No one was more excited for this than me. I love Childhood of a Leader, I have been waiting for this film in the UK for months and months, and I had a dream last year — before I even knew what it was about — that I saw it and it blew my mind.
It is good, and a lot of Corbet’s strengths are on imperious show again: stifling dread, ghastly images, a cinematically triumphant conclusion. I think the performances are all pretty well nailed, and Scott Walker’s score, while less rampant than his previous one, is pivotal again to those signature simmering moods and spikes of anxiety. Various scenes and shots are guaranteed to stick with you and the overall piece left me and Ruth with plenty to talk about.
Frustratingly we agreed that the film’s message overextends its grasp, its themes hurried ineffectively across the narrative or developed at length into a position of uncomfortable cynisism. The script of Childhood did tend to flap a bit in the first third, but here it blusters and tarries through most of the second half, creating dull distance from the core ideas and emotions, which deserved tighter, probably less pompous elaboration.
I enjoyed Corbet’s debut more on second viewing and I will give this one another try for sure. Much to marvel at but I hope that next time the film seems less like its trying to take those moments back from me.
Riva is a luminous and emotionally projective screen presence and Belmondo’s assured but elusive charm makes the most of a fantastic script, surely one of cinema’s most poetically attractive cases for Christianity. The drifting subplots are comfortably inconclusive: they feed delicately into Barny’s political and spiritual quandaries and sketch diaristic details from her life in a way that carries the passage of time on small (her own life) and middling (the town’s experience of wartime) scales. The film’s style is poised between New Wave and neorealism, with seamless transitions between earthy social observations and spare but still potently poignant dialogue. The latter inheres in that elegant Christian apologism which I labelled attractive rather than compelling; it’s probably to the film’s detriment that it leaves me with few big conclusions despite its linear, almost inevitable structure. Perhaps, like Barny, it is Morin and his troubled wisdom to which I am largely drawn, rather than simply the faith he represents (he ultimately comes over like a pious Mr Bergstrom). But the narrative’s development into tragic romance still feels genuine and authentically if quietly contrarian, in a way that I am coming to expect from Melville. His development from Les Enfants Terribles through Bob Le Flambeur to this is clear and steep.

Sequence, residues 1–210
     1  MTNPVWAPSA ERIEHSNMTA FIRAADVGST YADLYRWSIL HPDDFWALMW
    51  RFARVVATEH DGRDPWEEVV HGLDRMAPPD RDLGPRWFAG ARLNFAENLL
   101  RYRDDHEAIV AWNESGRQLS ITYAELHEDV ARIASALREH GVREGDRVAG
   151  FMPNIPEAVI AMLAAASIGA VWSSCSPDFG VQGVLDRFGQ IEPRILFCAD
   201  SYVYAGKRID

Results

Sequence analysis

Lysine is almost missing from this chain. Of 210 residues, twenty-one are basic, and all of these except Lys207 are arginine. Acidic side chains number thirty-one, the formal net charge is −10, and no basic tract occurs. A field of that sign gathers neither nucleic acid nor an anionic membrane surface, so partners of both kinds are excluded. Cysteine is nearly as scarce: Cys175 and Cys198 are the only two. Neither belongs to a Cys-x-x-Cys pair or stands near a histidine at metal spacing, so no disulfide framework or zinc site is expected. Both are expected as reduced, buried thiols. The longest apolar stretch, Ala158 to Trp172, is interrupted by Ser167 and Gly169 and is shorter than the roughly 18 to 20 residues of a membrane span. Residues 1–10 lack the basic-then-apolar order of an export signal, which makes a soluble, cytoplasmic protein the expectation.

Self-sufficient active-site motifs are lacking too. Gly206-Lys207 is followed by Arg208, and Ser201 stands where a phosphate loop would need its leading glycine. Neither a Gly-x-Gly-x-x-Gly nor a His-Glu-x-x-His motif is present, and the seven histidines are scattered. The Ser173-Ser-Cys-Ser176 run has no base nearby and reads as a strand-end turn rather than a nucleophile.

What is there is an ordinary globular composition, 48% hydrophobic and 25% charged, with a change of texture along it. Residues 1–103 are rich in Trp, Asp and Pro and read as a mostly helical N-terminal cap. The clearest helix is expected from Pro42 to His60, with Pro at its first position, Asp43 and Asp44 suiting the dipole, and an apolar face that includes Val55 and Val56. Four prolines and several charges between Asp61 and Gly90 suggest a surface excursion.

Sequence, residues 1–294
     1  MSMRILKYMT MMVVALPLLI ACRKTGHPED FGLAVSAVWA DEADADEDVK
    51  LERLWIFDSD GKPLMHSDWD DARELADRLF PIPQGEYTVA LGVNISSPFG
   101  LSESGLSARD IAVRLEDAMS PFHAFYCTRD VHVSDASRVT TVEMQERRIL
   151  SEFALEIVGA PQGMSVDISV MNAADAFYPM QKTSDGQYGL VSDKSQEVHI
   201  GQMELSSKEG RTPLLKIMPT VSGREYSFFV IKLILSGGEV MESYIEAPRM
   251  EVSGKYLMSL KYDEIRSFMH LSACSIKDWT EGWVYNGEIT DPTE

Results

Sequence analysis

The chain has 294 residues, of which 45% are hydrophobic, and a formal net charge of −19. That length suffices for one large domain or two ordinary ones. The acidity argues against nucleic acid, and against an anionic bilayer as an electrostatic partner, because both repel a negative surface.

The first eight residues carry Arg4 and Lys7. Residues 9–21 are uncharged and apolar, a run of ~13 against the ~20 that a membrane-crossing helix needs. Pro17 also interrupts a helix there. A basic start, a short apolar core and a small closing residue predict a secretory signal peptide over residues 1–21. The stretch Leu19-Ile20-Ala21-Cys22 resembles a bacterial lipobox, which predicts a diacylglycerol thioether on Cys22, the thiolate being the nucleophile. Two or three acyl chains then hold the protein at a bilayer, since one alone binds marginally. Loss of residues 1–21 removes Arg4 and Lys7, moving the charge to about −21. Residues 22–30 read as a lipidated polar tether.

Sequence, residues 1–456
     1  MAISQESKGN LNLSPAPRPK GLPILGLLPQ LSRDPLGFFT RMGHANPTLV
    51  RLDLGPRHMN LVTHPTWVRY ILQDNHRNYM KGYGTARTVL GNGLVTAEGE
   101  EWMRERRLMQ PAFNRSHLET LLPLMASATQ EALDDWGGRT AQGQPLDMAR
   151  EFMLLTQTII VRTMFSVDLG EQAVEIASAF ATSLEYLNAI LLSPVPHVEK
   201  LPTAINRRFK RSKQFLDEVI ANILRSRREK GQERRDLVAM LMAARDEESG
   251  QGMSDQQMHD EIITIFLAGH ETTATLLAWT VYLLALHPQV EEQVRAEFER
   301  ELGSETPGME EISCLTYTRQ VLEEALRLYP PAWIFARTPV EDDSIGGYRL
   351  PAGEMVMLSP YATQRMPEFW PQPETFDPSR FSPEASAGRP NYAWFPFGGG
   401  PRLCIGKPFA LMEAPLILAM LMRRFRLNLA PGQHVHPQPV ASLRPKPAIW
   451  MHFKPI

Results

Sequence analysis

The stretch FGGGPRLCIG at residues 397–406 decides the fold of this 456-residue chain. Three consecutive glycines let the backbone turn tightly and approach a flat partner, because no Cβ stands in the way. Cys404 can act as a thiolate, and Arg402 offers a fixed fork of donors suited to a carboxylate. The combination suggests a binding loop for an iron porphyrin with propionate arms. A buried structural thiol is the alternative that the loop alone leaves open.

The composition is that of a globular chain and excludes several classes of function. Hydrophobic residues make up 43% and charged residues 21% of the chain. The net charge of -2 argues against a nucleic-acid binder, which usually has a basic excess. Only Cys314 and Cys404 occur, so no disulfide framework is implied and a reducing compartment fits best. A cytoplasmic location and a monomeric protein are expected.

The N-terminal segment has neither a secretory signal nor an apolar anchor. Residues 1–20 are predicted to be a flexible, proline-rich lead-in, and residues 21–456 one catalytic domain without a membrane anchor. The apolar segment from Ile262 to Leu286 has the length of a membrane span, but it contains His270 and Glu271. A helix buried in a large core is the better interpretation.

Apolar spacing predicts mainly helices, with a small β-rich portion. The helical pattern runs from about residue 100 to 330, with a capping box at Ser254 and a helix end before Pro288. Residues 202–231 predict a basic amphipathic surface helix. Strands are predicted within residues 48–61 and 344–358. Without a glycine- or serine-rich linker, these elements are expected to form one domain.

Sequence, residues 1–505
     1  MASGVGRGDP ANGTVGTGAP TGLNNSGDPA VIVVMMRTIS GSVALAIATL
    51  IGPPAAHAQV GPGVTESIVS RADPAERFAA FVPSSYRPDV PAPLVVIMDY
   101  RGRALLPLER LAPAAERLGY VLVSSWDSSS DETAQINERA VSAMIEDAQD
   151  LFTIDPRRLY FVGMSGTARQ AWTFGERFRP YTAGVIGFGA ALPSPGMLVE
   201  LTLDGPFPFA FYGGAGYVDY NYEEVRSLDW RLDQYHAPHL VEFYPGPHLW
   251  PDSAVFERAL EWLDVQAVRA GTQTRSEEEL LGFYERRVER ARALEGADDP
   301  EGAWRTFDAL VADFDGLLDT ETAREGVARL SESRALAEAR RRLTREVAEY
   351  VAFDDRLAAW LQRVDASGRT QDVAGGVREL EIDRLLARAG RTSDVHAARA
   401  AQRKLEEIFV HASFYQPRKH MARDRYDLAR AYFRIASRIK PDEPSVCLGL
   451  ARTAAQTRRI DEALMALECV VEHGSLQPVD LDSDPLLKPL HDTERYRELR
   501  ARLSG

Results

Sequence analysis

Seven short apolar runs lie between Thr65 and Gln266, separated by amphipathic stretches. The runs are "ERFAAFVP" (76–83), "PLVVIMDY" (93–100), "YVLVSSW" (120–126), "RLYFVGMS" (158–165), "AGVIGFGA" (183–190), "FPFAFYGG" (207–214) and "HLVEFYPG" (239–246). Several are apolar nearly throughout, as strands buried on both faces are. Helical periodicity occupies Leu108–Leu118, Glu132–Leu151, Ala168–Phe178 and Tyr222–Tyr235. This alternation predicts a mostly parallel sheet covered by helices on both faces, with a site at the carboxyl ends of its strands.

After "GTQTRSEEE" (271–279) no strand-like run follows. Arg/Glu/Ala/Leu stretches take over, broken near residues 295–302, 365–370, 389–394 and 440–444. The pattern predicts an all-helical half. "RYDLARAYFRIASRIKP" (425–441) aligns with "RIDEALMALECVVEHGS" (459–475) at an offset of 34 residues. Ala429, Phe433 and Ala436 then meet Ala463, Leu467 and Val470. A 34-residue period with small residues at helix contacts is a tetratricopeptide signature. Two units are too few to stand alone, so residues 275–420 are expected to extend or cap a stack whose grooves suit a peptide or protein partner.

doubtless you, like i, were an earnest young man when you were at school. remember those kids who wouldn’t shut up or leave other people alone, who bonded together over the common cause of annoying anyone trying to get on with something? well now they are rich alcoholics with loud new york accents and long-suffering families, they are tipping into mid-life crises and their persistent insufferability has been scrambled and amped off the charts by the passing of one of their number. they are going on a three-day bender of self (non)-discovery for which, despite your hitherto successful efforts to avoid them for the rest of your life, you are their designated driver.
sometimes you can undergo an experience you’d normally enjoy, or at least you’d find something about it to enjoy, but your mood on the day spoils the fun. Husbands is sharp, innovative filmmaking, but you can’t have that without these twats ruining your mood too.
only found myself at the end after having been practising my spanish using the compulsory subtitles on the crappy stream. my ongoing interest in cassavetes grows more masochistic with every attempt.
The Sisters Brothers is the best western I have seen in years, a welcome alternative to the procession of bitter and atmospheric pieces that have followed in Andrew Dominik’s wake since the mid 00s.